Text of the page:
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New York State Court Updates to Eviction and Foreclosure Matters

By Alexis M. Florczak, Esq.

On May 24, 2021, Chief Administrative Judge Lawrence K. Marks issued a series of Administrative Orders affecting procedures in residential evictions, commercial evictions, and foreclosure matters. These administrative updates establish additional steps that all parties to these actions, particularly landlords and mortgagees commencing these actions, are to follow and should keep in mind as certain eviction and foreclosure proceedings can be filed and move forward in courts throughout New York State.

These orders follow the extensions of the Covid-19 Emergency Eviction and Foreclosure Prevention Act of 2020 (the “Residential Act”) and the Covid-19 Emergency Project Our Small Businesses Act of 2021 (the “Commercial Act”) signed into law by Governor Cuomo on May 4, 2021. These Administrative Orders, discussed further below, remain in effect until August 31, 2021.

  • Additional Affidavits for New Filings: The three Administrative Orders require anyone who initiates eviction or foreclosure proceedings for both residential and commercial real property to submit additional affidavits at the time commencement papers are filed with the Court. These additional affidavits require petitioners to affirm that that at the time of filing, the petitioner had not received a hardship declaration from the mortgagor or tenant. A moratorium on residential and commercial evictions and foreclosures remains in effect for tenants and mortgagors who have experienced financial hardships due to the Covid-19 pandemic until August 31, 2021. Courts will not accept new eviction or foreclosure commencement documents for filing unless these affidavits are present.
  • Prohibition on Issuance/Enforcement of Default Judgments: Before August 31, 2021, courts cannot issue any default judgments authorizing a residential eviction or the enforcement of an eviction of a residential tenant without first holding a hearing that is brought by a motion from the petitioner.
  • Stays of Execution of Warrants of Eviction: For residential and commercial eviction proceedings, these administrative orders require stays to be issued until August 31, 2021 on warrants of eviction that have been issued but not yet executed (as of December 28, 2020 for residential evictions and as of March 9, 2021 for commercial evictions) until the court has held a status conference with the parties.
  • Stays of Actions in Certain Foreclosure Matters: Stays on proceedings are also in effect until at least August 31, 2021 for covered foreclosure actions where a judgment of sale has not been issued and a hardship declaration has been submitted to the foreclosing party. In addition, if a judgment of sale in a covered foreclosure action has been issued on or before May 1, 2021 but has not yet been executed, execution of the judgment of sale is to be stayed until a status conference with the parties is held by the court. If a mortgagor submits or has submitted a hardship declaration before the judgment is executed, the action shall be stayed by the Court until August 31, 2021.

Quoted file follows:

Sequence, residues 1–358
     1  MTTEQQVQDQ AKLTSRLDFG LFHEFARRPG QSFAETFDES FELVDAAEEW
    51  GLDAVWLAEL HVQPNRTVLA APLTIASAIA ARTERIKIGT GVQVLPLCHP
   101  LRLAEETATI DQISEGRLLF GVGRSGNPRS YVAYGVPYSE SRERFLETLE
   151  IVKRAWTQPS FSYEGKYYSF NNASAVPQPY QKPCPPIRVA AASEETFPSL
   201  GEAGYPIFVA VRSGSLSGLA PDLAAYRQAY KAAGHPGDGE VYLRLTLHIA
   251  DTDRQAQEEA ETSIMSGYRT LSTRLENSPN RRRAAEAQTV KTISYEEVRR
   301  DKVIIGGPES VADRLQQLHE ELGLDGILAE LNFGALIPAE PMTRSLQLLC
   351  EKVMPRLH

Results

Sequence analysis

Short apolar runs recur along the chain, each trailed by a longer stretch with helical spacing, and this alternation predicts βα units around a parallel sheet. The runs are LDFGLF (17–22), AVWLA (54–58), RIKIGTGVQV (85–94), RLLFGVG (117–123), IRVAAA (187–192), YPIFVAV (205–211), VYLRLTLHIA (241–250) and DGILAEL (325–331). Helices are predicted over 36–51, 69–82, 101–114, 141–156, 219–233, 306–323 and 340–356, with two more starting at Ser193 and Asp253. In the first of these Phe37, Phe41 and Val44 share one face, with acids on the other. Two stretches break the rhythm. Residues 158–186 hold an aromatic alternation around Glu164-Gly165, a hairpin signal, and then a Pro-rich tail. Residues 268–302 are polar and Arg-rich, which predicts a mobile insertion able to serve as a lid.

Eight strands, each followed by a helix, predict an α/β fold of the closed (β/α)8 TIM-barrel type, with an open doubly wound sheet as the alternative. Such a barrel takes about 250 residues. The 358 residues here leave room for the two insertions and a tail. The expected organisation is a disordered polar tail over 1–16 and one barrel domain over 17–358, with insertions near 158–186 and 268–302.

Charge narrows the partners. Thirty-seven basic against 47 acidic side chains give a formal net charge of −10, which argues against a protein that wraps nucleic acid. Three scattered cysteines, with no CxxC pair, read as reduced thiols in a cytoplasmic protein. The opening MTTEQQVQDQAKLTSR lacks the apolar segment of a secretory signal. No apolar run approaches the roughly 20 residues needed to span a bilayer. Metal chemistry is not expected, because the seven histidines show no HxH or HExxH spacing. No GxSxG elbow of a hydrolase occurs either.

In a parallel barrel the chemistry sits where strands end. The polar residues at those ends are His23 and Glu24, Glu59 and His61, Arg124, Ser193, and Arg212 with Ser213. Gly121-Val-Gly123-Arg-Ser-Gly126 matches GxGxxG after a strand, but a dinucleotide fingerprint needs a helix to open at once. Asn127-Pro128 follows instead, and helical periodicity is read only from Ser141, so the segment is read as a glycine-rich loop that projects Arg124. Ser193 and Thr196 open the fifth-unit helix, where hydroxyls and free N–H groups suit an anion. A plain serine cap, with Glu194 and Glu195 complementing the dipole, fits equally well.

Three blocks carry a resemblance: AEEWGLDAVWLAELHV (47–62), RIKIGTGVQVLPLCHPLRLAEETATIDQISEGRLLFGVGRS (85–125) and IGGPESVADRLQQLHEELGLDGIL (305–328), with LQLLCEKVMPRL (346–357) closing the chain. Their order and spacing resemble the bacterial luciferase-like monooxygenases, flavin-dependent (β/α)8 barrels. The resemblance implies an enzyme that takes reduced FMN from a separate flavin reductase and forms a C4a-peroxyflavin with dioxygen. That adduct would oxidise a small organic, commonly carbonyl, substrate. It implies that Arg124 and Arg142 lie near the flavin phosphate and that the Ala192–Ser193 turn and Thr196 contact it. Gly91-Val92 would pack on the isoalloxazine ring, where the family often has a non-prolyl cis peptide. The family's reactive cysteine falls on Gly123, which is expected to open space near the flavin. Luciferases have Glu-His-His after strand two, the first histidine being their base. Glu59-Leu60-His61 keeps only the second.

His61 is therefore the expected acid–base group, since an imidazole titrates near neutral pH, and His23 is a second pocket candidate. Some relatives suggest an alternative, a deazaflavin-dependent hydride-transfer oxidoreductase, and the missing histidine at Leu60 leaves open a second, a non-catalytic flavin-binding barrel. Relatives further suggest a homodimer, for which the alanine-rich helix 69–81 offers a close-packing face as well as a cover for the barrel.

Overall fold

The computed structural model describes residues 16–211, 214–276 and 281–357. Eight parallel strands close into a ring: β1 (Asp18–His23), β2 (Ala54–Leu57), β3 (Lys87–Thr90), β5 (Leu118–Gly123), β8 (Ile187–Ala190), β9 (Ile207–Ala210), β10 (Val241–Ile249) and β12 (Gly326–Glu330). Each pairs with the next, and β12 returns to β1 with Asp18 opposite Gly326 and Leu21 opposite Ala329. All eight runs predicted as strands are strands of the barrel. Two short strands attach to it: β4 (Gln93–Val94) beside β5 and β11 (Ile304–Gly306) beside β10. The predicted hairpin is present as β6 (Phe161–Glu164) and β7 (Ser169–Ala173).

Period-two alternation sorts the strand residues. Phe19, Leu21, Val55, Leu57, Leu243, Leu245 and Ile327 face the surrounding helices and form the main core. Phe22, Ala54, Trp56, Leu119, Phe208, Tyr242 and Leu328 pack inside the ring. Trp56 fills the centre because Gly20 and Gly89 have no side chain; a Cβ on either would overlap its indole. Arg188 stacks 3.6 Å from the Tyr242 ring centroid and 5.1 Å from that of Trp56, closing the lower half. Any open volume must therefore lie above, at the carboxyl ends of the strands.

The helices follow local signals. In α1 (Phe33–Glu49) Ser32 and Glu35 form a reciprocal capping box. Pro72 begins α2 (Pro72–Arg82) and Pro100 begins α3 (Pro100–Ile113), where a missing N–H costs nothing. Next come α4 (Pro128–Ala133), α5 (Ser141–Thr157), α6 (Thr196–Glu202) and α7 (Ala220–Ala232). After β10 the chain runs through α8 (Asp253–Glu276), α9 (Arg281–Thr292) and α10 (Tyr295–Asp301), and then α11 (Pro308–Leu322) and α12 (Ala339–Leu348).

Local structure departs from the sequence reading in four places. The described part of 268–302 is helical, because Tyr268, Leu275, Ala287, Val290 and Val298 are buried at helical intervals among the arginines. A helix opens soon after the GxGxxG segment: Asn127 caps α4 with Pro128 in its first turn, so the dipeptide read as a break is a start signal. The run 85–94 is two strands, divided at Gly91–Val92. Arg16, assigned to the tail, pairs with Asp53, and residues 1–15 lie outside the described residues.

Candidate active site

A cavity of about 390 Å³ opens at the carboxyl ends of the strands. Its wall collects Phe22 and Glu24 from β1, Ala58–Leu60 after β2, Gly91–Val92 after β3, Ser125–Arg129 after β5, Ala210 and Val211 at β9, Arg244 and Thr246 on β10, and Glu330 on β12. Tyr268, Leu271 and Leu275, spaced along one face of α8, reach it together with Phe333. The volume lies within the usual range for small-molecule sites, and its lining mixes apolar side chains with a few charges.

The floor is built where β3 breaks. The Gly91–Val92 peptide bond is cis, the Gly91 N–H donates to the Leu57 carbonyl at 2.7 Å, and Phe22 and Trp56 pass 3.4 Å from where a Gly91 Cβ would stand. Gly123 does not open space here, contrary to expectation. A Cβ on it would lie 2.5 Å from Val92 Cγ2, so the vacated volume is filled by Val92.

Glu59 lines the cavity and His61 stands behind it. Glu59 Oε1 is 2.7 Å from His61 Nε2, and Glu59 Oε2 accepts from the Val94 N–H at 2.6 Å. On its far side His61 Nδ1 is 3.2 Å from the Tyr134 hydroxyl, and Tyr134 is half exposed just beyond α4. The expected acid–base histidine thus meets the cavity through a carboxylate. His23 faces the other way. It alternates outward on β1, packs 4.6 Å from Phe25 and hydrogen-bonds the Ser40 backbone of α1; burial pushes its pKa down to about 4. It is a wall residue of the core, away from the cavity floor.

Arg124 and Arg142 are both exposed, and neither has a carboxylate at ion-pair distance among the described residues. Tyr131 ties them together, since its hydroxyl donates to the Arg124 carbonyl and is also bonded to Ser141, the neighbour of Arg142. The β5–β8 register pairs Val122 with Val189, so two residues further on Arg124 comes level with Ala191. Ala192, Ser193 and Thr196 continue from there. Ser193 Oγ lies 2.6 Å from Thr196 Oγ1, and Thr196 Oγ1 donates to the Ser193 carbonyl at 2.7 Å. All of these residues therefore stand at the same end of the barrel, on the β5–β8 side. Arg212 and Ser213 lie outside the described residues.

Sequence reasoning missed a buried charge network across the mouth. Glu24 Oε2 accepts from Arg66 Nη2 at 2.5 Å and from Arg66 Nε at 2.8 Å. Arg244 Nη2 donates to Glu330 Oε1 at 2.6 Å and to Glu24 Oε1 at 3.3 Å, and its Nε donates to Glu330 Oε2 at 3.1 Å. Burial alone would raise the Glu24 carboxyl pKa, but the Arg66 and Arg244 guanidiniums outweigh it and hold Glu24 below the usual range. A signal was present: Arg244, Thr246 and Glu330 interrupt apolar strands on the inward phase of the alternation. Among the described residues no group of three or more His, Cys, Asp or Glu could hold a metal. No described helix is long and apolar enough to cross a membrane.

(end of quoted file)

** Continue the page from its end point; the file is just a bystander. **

• Pending and Newly Commenced Objectionable or Nuisance Behavior Proceedings: Pending or newly filed residential eviction matters where a landlord alleges a tenant has persistently and unreasonably engaged in objectionable or nuisance behavior can continue to be heard by New York State courts, consistent with the procedures set forth in the Residential Act. However, if the landlord fails to establish that the tenant persistently and unreasonably engaged in objectionable or nuisance behavior, and the tenant has submitted a hardship declaration, the court is required to issue a stay as to any further proceedings until August 31, 2021.
  • Prior Judgments Based on Objectionable or Nuisance Behavior: If, prior to December 28, 2020, a court has awarded judgment against a residential or commercial tenant on the basis of objectionable or nuisance behavior, the court is required to hold a hearing to determine whether the tenant continues to engage in such objectionable or nuisance behavior. With respect to commercial tenants, if a petitioner fails to establish a tenant’s objectionable or nuisance behavior and a hardship declaration is submitted by the tenant, a court is required to stay these proceedings until August 31, 2021.
  • Resumption of Certain Foreclosure Matters: Residential and commercial foreclosure matters, including tax lien foreclosures, not covered by the Residential and Commercial Acts are permitted to resume, subject to any applicable federal or state emergency relief provisions.


Landlords and mortgagees should be mindful of these procedures in eviction and foreclosure matters established by the administrative orders discussed above, as well as the Residential and Commercial Acts in which they build from. Hurwitz & Fine continues to monitor and analyze these updates and advise landlords and mortgagees on the coronavirus pandemic and its impact on eviction and foreclosure proceedings in New York State. Please contact any member of the firm’s Commercial Real Estate, Development and Finance team for guidance on these evolving issues at 716-849-8900, by e-mail, or visiting our website at www.hurwitzfine.com.

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